It has been recognized that macrophages play an important role in controlling virus infection in experimental animal models. To evaluate the role of macrophages in acute murine cytomegalovirus infection, macrophages in the spleen and the liver were eliminated by an intravenous injection of liposomes containing a cytolytic agent, dichloromethylene diphosphonate. The depletion of macrophages led to a significant increase of virus titer in the spleen and lungs in both susceptible BALB/c and resistant C57BL/6 mice during the first three days after intravenous infection. In the spleen, the increase of virus titer in macrophage-depleted BALB/c mice was much greater than that in NK cell-depleted mice. These results suggest that macrophages contribute to protection mainly by the mechanisms which are independent of NK cells during the first three days after infection. The increase of virus titer in macrophage-depleted C57BL/6 mice was as great as that in NK cell-depleted mice because of the high contribution of NK cells to protection in C57BL/6 mice. In the liver in both strains of mice, the effects of macrophage depletion on virus titer were not as much as those in the spleen and lungs. Furthermore, the local depletion of peritoneal macrophages resulted in a great increase of virus titer in the spleen at three days after intraperitoneal infection. We conclude that macrophages greatly contribute to decreasing the virus load in some organs possibly through either or both intrinsic and extrinsic mechanisms in the early phase of primary infection with murine cytomegalovirus.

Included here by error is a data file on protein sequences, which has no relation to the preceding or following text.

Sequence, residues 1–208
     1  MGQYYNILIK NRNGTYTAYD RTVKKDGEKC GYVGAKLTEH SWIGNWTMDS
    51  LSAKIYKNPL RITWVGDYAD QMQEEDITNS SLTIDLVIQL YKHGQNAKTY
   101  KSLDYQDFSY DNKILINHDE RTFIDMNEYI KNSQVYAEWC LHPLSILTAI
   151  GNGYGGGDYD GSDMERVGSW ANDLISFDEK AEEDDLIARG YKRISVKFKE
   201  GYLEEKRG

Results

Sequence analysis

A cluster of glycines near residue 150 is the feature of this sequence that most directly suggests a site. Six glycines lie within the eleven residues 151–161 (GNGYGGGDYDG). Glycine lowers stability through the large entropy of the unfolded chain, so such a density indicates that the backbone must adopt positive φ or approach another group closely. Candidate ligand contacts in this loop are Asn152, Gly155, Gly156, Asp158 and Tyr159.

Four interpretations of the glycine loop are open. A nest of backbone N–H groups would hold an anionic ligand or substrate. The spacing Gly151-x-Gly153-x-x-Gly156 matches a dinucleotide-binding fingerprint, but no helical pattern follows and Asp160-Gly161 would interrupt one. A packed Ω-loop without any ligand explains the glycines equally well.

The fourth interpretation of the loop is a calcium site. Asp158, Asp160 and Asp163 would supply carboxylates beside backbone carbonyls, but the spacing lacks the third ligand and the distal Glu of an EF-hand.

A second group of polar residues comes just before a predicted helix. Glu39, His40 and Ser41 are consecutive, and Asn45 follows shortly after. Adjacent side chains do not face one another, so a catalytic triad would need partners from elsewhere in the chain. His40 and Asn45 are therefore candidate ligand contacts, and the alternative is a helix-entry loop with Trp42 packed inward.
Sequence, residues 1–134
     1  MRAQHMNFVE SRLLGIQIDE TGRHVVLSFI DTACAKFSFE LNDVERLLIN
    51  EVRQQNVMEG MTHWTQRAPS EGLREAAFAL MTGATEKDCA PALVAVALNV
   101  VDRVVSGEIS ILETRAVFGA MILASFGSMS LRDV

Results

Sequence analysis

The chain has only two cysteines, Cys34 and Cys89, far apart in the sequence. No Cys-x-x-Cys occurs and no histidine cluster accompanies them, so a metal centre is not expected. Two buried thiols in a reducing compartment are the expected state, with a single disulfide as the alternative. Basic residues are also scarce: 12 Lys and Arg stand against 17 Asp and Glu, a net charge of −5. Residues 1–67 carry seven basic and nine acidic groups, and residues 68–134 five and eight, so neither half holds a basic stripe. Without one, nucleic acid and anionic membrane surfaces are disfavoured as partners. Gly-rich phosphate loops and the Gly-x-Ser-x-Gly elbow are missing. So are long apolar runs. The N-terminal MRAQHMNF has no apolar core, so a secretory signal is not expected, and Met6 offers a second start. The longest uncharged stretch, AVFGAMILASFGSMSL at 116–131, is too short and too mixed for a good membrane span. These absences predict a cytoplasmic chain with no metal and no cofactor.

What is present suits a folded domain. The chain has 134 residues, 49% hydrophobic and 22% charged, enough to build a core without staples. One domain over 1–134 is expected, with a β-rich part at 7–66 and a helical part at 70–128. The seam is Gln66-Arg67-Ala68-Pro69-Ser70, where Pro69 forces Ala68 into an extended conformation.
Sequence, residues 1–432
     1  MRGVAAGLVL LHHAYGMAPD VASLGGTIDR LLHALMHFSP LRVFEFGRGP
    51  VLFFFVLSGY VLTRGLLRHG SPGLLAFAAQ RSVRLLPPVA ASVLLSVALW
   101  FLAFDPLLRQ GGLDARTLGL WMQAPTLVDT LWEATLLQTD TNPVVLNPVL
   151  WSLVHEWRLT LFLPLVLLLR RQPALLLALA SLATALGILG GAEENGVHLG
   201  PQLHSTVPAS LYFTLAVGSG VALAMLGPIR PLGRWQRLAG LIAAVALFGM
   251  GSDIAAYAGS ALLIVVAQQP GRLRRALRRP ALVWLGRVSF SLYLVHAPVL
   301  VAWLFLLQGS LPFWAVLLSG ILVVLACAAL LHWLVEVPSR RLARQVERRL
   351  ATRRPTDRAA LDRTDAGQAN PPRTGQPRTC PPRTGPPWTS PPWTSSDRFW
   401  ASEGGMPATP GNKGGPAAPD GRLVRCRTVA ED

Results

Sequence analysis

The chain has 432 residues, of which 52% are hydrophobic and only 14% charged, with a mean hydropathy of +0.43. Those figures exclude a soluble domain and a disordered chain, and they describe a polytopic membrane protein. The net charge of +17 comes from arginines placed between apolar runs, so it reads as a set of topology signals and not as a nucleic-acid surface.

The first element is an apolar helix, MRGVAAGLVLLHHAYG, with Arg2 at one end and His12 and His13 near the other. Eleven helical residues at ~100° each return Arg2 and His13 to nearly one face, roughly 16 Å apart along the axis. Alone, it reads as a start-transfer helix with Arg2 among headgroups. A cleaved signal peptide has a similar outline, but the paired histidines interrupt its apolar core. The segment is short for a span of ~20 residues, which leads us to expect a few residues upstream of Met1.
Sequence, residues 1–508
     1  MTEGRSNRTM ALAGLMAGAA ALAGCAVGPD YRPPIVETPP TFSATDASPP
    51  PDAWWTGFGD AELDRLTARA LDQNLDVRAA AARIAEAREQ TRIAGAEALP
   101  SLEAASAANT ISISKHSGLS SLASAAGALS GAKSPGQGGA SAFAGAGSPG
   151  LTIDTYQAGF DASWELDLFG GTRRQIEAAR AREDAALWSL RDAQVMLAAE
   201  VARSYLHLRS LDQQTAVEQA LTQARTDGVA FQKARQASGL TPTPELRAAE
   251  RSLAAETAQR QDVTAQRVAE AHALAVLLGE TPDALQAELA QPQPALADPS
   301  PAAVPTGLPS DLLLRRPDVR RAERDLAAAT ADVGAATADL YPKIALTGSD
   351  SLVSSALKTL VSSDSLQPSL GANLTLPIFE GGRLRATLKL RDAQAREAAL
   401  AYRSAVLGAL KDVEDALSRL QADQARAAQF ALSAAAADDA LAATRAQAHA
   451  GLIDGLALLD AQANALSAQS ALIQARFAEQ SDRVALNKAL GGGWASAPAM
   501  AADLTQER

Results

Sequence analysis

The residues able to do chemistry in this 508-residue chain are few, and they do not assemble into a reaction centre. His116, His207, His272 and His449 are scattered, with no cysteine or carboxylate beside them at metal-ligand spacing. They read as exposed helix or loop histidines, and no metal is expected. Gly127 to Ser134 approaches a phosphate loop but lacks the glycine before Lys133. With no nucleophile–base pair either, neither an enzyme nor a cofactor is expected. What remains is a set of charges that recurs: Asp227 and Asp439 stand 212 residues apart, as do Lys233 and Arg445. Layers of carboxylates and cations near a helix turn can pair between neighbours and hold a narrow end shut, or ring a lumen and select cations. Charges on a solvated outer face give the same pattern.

|Number of pages||10|
|Journal||MICROBIOLOGY and IMMUNOLOGY|
|Publication status||Published - 1998|
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